Lenovo launches new enterprise-focused VR headset
The Lenovo Mirage VR S3 headset will arrive in the UK later this year
The Lenovo Mirage VR S3 features a 4K display for clearer visuals, hands-free control for utilisation with or without the provided controller, integrated audio, and an easy to clean, hygienic faceplate, which makes it suitable to be shared across the business.
The device, which also boasts a battery life of up to three hours, will become available in the third quarter of this year in the UK, as well as North America and some parts of Asia and Europe. The headset will retail for “under $450” (around £360) in North America, but enterprise clients are requested to contact a Lenovo representative for information and pricing.
Lenovo’s commercial AR/VR lead Nathan Pettyjohn believes that “VR helps achieve better, faster training at lower cost”.
“Our enterprise customers are looking for solutions to build and enable more skilled and efficient global workforces. They are increasingly looking for cutting-edge solutions like VR and AR supported by ThinkReality’s flexible platform to scale applications enterprise-wide,” he said.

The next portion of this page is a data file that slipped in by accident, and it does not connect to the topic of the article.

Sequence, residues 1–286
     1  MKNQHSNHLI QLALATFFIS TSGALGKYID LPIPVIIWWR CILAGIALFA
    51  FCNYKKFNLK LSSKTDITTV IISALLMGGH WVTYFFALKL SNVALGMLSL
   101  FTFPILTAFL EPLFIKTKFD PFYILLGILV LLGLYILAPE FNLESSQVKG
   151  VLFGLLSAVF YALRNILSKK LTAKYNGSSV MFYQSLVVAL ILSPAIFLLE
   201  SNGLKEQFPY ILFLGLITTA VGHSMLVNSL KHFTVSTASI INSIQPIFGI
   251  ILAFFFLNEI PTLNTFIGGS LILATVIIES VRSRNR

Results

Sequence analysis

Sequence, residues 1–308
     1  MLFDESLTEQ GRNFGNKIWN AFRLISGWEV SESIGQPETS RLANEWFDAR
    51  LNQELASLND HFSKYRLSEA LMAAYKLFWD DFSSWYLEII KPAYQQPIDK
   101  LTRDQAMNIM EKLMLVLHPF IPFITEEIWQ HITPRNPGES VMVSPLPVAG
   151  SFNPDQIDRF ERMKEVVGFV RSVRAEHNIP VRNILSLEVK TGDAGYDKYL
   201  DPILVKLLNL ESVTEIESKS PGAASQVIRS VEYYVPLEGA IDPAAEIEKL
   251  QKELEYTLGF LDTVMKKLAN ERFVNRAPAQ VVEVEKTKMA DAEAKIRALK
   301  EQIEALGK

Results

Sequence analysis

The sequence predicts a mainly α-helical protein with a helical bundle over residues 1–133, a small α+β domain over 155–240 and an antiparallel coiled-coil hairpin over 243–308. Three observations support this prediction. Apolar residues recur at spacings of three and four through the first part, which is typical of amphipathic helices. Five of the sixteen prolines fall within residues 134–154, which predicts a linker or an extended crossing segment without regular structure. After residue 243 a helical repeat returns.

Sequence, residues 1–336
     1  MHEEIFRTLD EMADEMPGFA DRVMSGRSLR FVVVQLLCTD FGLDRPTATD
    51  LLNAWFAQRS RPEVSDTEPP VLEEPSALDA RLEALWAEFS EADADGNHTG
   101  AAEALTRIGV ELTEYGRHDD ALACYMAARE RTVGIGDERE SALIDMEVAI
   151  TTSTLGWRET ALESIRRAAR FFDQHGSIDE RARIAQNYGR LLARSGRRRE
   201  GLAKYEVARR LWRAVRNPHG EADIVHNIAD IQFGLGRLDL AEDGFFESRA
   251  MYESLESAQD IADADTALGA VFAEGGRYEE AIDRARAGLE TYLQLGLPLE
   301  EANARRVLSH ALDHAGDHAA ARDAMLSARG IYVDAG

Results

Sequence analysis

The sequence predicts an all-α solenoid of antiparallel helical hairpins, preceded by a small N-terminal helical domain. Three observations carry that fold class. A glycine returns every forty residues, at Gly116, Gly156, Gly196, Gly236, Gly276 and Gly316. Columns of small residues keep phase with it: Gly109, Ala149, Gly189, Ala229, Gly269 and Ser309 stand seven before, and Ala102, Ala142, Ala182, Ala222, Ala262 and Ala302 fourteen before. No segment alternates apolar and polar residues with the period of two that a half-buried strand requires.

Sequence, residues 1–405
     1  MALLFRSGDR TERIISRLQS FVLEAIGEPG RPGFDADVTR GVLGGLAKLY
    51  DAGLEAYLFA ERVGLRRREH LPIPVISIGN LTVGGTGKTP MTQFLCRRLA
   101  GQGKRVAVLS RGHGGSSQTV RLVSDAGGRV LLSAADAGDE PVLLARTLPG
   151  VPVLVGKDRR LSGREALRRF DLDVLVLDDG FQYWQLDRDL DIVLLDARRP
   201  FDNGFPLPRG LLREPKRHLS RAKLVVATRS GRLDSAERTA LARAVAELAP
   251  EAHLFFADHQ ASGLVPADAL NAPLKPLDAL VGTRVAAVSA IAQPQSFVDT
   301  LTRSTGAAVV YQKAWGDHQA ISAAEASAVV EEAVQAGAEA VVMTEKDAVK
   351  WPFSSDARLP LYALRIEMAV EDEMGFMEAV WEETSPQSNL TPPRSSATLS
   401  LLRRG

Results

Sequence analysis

According to Lenovo, the Mirage VR S3 headset can be used to train frontline personnel as well as skill up technical teams. A study by Training Magazine has shown that employees who were trained through VR had measurably higher retention rates and performance gains, in comparison to those who used traditional means of training.
Ganesh Raghu, director of Lenovo’s Emerging Technology Solutions & Services, said that the company “is placing a significant amount of resources into developing emerging business solutions to support our customers’ sophisticated needs and endeavours”.
“These solutions require an elevated support model, like Lenovo Integrated Solutions Support, that goes beyond individual products and instead focuses on managing complex issues across the entire solution to limit downtime and create a better customer experience,” he added.
The launch of the Mirage VR S3 headset comes weeks after Lenovo announced that it would be partnering with the Fedora Project to pre-install Linux on a select number of its machines.
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